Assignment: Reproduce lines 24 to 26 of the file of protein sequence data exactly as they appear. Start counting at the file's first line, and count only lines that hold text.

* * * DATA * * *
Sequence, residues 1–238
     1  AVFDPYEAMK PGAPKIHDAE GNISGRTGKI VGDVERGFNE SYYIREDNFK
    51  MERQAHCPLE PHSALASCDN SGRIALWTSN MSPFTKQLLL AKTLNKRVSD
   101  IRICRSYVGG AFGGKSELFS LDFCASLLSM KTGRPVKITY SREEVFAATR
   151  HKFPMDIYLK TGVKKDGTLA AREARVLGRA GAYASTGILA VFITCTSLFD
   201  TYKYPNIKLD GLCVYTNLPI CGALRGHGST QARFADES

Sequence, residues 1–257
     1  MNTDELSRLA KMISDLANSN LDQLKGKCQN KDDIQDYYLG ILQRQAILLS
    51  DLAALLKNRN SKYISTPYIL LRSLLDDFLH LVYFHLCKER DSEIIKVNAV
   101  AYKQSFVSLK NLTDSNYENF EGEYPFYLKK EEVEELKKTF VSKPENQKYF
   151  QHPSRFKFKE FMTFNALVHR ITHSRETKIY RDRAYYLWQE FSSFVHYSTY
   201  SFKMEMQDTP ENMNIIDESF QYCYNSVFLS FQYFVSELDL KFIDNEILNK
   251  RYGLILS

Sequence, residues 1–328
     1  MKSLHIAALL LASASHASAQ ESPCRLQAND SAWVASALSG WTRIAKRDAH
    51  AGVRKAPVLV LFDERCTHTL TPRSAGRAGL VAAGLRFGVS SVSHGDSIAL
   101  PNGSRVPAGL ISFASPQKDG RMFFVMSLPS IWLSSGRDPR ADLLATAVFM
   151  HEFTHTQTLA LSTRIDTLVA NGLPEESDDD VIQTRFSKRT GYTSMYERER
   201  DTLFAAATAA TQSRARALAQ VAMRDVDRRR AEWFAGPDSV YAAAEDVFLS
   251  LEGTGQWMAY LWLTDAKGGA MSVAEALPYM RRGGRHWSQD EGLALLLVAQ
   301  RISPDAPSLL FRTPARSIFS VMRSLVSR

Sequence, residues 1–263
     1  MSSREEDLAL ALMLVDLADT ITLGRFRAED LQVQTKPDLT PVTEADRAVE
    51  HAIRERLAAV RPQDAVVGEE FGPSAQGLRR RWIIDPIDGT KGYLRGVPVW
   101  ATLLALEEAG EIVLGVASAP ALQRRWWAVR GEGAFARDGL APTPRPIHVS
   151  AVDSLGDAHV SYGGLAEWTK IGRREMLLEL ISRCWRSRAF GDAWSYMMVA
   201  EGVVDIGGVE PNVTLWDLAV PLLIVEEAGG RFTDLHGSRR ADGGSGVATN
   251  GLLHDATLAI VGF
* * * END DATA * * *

    51  HAIRERLAAV RPQDAVVGEE FGPSAQGLRR RWIIDPIDGT KGYLRGVPVW
   101  ATLLALEEAG EIVLGVASAP ALQRRWWAVR GEGAFARDGL APTPRPIHVS
   151  AVDSLGDAHV SYGGLAEWTK IGRREMLLEL ISRCWRSRAF GDAWSYMMVA